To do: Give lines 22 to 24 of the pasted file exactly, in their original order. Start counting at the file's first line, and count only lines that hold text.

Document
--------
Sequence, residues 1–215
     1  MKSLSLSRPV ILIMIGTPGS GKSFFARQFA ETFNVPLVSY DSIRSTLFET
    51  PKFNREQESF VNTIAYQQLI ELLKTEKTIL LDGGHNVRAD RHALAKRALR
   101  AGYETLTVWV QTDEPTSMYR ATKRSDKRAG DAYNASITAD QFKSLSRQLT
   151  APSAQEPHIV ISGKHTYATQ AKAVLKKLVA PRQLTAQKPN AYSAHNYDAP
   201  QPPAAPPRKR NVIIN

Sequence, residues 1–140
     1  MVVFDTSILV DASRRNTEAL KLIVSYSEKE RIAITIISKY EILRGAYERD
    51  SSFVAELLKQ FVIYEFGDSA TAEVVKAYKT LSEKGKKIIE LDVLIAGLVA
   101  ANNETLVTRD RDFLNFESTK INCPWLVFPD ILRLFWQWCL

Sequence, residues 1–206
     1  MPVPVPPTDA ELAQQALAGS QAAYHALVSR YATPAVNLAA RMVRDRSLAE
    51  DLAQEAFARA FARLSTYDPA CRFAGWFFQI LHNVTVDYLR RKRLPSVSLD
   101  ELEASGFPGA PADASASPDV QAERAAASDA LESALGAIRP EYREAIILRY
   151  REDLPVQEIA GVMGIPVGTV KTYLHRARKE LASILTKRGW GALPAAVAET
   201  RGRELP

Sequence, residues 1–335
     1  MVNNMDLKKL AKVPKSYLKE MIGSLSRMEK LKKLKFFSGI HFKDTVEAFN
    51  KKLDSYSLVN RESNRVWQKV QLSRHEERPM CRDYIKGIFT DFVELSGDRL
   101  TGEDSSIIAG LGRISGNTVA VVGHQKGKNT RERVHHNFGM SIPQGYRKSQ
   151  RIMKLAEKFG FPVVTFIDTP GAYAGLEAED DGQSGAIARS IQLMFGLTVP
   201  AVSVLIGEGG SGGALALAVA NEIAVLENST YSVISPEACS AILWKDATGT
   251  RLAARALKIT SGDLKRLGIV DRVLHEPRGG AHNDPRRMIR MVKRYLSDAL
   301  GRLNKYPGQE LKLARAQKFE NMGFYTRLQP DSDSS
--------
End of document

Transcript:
   201  AVSVLIGEGG SGGALALAVA NEIAVLENST YSVISPEACS AILWKDATGT
   251  RLAARALKIT SGDLKRLGIV DRVLHEPRGG AHNDPRRMIR MVKRYLSDAL
   301  GRLNKYPGQE LKLARAQKFE NMGFYTRLQP DSDSS